letters February 18 2016
- Credit: Getty Images/iStockphoto
How many hats in Harpenden?
SIR - Harpenden town councillors must be a great boon to the hat industry. As you point out in your Editor’s Comment of February 11, the current Harpenden Mayor Brian Ellis holds the cabinet portfolio for housing, while coincidentally backing a Harpenden housing development that will cause the demise of one of the town’s last colonies of red-listed Helix Pomatia. Conflict of interest, you suggested? It seems not. I am at a loss to understand why the tiny enclosed green space at Westfield, home to so much LEGALLY PROTECTED wildlife should be the focus of thousands and thousand of pounds of rate-payers money being wasted on spurious planning ventures, plus a three day public enquiry to prevent my Town Green Application from going forward. Surely to goodness it can’t be some spiteful vendetta being enacted against those of us who live locally and have been *foolish* enough to object to having our lives blighted by excess development? I wonder what hats our councillors will be donning in the months leading up to May’s local elections.... perhaps straw ones might be the most apposite.
CAROL HEDGES Coldharbour Lane, Harpenden
Vision for vaping
SIR - 2016 has heralded two joys in our fine city. The first is the apparent closure of one of the 99p shops at the end of St Peter’s Street - joyous news in itself for those at least with taste, more than a little consumer savvy and real bargain appreciation. The second is the upsurge in vaping shops. For the uninitiated, vaping is a 95% less harmful form of smoking; the “vaper” inhaling a fruity blend of two harmless (everyday agents) with or without nicotine which, when heated, is exhaled as an equally harmless vapour. The great beauty of vaping is (for those who appreciate smoking sheesha or indeed cigarettes), aside from the obvious health benefits, that the streets are far cleaner for vapers’ presence. There are no discarded butts, no gangs of shop workers poisoning the air as you walk past them standing outside their respective workplaces drawing on the noxious cocktail of 3,000 (mostly carcinogenic) chemicals contained in a cigarette and no empty fag packets clogging up bins, ashtrays and gutterways. Indeed, I tip my hat to vapers for the ingenuity and eco-consciousness of their newfound habit; vaping also being infinitely more pleasurable than smoking. Vaping is not illegal (yet), the exhaled “cloud” of deliciousness dissipates instantly leaving a perfumed odour of either strawberries, custard or biscuits, whatever flavour the vaper is vaping - and each bottle of e-juice (the concentrate which the vaper vapes costs a lot more than 99p!!! So, to all you vaping retailers out there, we have one thankfully soon to be empty retail unit available which would make an ideal vaping store. A place where ex-smokers, lovers of fruit salad inhalation and Sheesha pipes can buy their sticks, mods, coils and drip tips - and where you won’t find a cheap jar of flavourless Slovakian chillies or a poor value packet of Russian Weetabix anywhere. I thank you!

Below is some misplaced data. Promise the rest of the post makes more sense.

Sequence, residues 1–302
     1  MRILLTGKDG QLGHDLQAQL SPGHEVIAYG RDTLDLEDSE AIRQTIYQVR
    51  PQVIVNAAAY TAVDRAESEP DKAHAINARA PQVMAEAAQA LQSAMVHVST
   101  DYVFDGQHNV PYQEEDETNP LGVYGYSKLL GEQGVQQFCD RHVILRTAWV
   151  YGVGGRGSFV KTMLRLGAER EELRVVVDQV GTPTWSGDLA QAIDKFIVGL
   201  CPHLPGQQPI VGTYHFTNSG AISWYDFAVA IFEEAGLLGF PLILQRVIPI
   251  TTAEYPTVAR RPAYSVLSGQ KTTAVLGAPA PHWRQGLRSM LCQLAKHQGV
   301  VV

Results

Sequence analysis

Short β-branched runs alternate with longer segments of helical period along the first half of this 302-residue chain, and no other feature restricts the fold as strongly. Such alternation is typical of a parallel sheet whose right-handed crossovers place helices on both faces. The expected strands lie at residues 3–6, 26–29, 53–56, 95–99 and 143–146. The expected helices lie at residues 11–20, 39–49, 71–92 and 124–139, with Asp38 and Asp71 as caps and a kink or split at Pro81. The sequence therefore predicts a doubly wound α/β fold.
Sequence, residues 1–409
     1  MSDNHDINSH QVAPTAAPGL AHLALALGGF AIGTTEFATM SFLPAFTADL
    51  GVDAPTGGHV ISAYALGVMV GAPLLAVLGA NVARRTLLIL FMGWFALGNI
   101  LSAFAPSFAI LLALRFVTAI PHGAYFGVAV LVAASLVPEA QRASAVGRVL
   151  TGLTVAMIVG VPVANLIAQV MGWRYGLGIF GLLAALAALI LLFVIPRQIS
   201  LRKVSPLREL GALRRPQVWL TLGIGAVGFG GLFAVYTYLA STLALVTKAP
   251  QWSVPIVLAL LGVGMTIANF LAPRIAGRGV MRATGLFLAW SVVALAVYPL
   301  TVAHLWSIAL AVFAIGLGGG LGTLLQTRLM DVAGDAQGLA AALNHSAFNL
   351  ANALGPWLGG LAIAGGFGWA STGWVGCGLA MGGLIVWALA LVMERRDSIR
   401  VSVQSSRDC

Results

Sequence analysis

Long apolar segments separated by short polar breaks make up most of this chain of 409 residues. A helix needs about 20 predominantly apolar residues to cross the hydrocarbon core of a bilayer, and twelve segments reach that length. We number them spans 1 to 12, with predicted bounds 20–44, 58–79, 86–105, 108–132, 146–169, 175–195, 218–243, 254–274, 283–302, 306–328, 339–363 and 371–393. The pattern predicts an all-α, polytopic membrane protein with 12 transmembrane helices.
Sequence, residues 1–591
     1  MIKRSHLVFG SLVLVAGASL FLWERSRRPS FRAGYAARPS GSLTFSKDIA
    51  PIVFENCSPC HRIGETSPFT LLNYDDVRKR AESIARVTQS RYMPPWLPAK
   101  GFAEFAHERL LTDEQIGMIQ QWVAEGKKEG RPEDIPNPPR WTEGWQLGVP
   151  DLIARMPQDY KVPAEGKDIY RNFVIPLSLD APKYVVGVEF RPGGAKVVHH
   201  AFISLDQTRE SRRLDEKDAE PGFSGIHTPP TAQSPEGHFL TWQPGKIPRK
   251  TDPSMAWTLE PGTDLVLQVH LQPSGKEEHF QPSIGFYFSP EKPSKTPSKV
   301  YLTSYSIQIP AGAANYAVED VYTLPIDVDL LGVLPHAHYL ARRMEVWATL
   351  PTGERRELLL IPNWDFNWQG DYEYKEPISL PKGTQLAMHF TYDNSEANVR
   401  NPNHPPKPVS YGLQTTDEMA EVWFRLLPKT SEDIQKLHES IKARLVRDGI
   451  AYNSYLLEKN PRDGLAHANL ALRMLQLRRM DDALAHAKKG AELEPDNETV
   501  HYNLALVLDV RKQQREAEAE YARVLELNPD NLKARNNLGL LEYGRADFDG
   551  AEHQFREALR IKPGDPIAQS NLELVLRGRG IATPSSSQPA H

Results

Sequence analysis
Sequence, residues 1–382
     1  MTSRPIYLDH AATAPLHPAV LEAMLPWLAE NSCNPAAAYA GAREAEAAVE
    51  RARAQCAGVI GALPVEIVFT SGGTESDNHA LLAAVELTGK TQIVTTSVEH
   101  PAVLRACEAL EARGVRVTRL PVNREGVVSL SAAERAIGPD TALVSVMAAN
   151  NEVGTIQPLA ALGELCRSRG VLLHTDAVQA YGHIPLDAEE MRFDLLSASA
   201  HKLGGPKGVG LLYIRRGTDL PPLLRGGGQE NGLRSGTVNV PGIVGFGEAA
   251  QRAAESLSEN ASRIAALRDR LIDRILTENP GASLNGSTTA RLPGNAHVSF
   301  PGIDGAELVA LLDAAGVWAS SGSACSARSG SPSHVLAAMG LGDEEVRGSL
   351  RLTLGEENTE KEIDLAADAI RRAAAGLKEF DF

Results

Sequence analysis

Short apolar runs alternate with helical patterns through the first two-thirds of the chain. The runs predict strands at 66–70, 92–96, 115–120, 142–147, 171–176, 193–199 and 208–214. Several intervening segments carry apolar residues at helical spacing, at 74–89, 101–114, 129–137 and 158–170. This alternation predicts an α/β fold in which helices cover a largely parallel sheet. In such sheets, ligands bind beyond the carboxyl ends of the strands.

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BARRY CASHIN Green Lane, St Albans
Hopeful about new day centre scheme
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- 3 How many people in St Albans were fined for breaking COVID rules?
- 4 Police swoop on organised gangs as part of major operation
- 5 Remembering one-of-a-kind local legend Lee Bozier
- 6 Hitchin and Harpenden MP responds to questions over new £2,500 a month part-time role
- 7 Charity for older people has busiest year ever during pandemic
- 8 Oaklands College principal leaving after 10 years
- 9 Why is there a 50mph speed limit on small section of A414?
- 10 More things which have gone but are not forgotten in St Albans